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In the Name of Utter and Absolute Fairness

Oh, hell. What’s “fair,” anyway? Who came up with that concept? I hate fairness.

This morning, in the car, we had something like this:

Wyatt: That’s MINE! Give it back!
Rory: [silence]
Wyatt: MOMMY! She has my motorcycle! Give it back.
Rory: You didn’t say please.
Wyatt: PLEAASE give it back! It’s mine!
Rory: [silence]
Wyatt: Roo-RYYY!
Rory: You didn’t say it nice.
Wyatt: Pleasegivemebackmymotorcycle.
Rory: I’m not gon’ give it back unless you ask me nice.
Wyatt: GIVE IT BACK I WANT IT GIVE IT BACK ITS MINE!
Me: Rory. Please.
Rory: I was just lookin’ at it.

And then, approximately four miles later:

Rory: WYATT! THAT’s MINE!
Wyatt: No it’s not.
RORY: THAT MY PAPER AIRPLANE!
Wyatt: It’s not.
Rory: YES IT IS THATS MINE!!!!!
Wyatt: Ok, it’s yours. I’ll give it to you if you say the magic word.
Rory: WAHHHHHHHHHHAHHHHHAHAHAHHHH!
Wyatt: That’s not the magic word!
Rory: AAAAAGGGHHHHHHAAAGGGHHHH!
Wyatt: [in a tone of immeasurable enjoyment] That’s still not the magic word!
Rory: INOTGON’BEYOURFRIENDEVER!
Wyatt: What’s the magic word?
Rory WAHHHHHHHHHHHHHHHHHHHHHHHH!
Me: Rory, come on. Did you not JUST do this to him? Did you not JUST keep his motorcycle until he asked “nicely” for it? Just say please.
Wyatt: [now enjoying himself way too much] Yeah, say the magic word!
Rory: [utterly and totally outraged at my taking sides] GASP! WAH! SOB! SHRIEK! WAHHHHHH!
Wyatt: That’s not the magic word!
Me: Oh, for God’s sake. I’m pulling over. You two let me know when you’re done.
[Wyatt hands over paper airplane. Rory sniffles.]
Wyatt: We’re done.

A minute later they’re singing a song together, but I’m still going back over this. Was I fair? I didn’t take Rory’s side when she wouldn’t give Wyatt the motorcycle, but then, he didn’t scream bloody murder, and we hadn’t just played out this scene. But when I did take Wyatt’s side, ooh, he seized on it! He loved it! I should probably have just stayed out of the whole thing, but I’m a captive audience in the car (which is surely why this happens). I just couldn’t hold it in. I’m a fool and patsy, aren’t I? And even worse to still be worrying this over.

If Rory weren’t adopted, if we hadn’t had that royally bad year, I wouldn’t even ask myself if I was being fair. Frankly, as among the other three, I don’t even care if I’m being fair. Sometimes I am gratuitously unfair just for the fun of it. Yep, I gave him some of my drink! And then I drank all the rest all up and now I couldn’t give you any even if I wanted to! Tra-la!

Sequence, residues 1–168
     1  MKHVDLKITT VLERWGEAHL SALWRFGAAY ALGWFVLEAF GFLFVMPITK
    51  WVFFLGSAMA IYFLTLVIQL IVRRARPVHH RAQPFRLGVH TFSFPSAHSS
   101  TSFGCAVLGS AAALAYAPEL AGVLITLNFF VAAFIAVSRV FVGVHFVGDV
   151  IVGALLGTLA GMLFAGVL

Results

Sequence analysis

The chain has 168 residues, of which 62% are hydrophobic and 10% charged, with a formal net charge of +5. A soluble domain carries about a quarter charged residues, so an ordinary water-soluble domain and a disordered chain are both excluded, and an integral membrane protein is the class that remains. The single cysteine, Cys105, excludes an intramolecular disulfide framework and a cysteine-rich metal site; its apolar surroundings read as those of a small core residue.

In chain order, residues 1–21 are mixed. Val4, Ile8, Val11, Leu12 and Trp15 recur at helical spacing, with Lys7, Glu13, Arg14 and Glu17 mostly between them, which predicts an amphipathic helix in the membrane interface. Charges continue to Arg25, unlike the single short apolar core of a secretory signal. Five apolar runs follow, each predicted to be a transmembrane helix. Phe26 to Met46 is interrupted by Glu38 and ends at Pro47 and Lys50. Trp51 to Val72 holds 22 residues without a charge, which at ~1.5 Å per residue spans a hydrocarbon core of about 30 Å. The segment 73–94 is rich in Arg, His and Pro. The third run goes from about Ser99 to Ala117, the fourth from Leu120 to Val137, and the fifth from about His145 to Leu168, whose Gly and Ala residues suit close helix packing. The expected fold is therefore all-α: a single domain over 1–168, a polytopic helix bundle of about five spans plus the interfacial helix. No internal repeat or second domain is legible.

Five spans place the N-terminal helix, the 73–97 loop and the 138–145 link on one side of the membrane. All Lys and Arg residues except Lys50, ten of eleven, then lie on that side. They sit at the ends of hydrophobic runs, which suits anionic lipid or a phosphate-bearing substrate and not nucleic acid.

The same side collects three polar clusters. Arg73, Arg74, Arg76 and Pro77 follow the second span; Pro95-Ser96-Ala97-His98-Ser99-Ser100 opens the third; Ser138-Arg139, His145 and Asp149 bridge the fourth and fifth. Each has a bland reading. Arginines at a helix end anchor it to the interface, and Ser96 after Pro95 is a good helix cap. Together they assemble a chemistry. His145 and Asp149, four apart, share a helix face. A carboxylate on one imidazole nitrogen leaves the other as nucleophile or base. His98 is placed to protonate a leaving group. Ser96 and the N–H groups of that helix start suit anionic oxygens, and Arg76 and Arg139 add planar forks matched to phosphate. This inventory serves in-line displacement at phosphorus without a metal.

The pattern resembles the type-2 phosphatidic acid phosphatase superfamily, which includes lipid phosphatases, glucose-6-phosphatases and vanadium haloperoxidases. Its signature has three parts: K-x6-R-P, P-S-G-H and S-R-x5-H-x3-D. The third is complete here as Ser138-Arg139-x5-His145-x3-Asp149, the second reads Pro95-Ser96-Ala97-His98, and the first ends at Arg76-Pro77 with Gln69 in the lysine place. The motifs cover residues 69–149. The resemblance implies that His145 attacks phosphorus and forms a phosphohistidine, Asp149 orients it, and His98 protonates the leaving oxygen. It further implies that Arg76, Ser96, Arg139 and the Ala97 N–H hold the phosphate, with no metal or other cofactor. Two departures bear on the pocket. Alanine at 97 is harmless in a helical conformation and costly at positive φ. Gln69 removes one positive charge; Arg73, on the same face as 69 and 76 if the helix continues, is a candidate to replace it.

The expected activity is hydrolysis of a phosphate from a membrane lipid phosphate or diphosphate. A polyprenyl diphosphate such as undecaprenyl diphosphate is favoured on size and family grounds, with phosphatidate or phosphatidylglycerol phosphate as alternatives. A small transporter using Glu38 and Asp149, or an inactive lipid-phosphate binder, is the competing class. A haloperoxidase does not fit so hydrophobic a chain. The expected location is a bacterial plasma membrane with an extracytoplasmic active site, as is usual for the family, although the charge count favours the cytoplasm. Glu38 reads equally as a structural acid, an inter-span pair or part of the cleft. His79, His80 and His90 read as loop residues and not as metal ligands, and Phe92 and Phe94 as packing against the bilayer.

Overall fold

But I do worry about it. And she worries about it. If I DO give Wyatt a sip of my drink, she must have one immediately. If she has even the faintest inkling that someone else has just been given something, she’s there immediately. “I want dat!” “What?” “What Sam got!” It doesn’t matter what it is. I want that cough medicine. I want that pencil. And so, even when I know that I’ve been “fair,” I’m always counting. what I give, and I find that means I give less. No one, every, gets a willing sip of my coffee. No one, ever, plays with my phone or iPad. No one, ever, gets a bite of my good scone or a taste of my yummy new kind of cookie–because if one gets it, they all have to have precisely equal amounts, and then guess what’s left for me?

I hate fairness. It’s so…unfair.


3 Responses to “In the Name of Utter and Absolute Fairness”

  1. slawebb says:

    I’ve heard Vicki say, “Everything is fair, it’s just a matter of perspective.” I think that we need to teach our kids that everything in life isn’t even and everything in life is fair. It just depends on how you look at it.

    I have a screamer and whenever she starts her bloodcurdling screams I become completely irrational. Something clicks inside me and I will do almost ANYTHING to stop it. But there in lies the problem. Because my child KNOWS this is my goat and eats it every time. It is so hard not to get involved in our kids affairs. They want to draw us in to show the other child…I don’t know…mom, loves me best? I was right? I got more? Something. But it is so hard to ignore. I think you got it right when you stopped the car and got out. I haven’t done that yet. The one time I sent my oldest out of the car for a major tantrum she walked off…in the snow…in a different town. Then I felt I needed to get involved.

    But it’s always better if I let the kids fight it out. If I don’t get involved (in the small things) they will learn not pick petty fights to get my attention. They will also learn how to workout disagreements on their own. When they come to me ‘telling’ on another for such and such, when I’m thinking about it, I’ll say (as Vicki suggests) that sounds like a problem for you. Put it on the Problem Solving board and we’ll find a solution at Family Meeting. If they need a solution or answer RIGHT NOW, I make it very unreasonable. They are usually willing to wait.

    But good for you for pulling over. I still need to do that.

  2. Susan says:

    I love your blog so much. You’re so honest and such a good writer. Being a parent really sucks sometimes–it’s just so damn hard, day after day after day. When I read your blog I feel like I’m not the only one struggling.

  3. KJ (aka Lola Granola) says:

    Thank you so much! Things are so much easier than they were when the kids were younger, but there is so much that is still a slog. Blogging helps…I can always plan a blog post in my head when things are tough!

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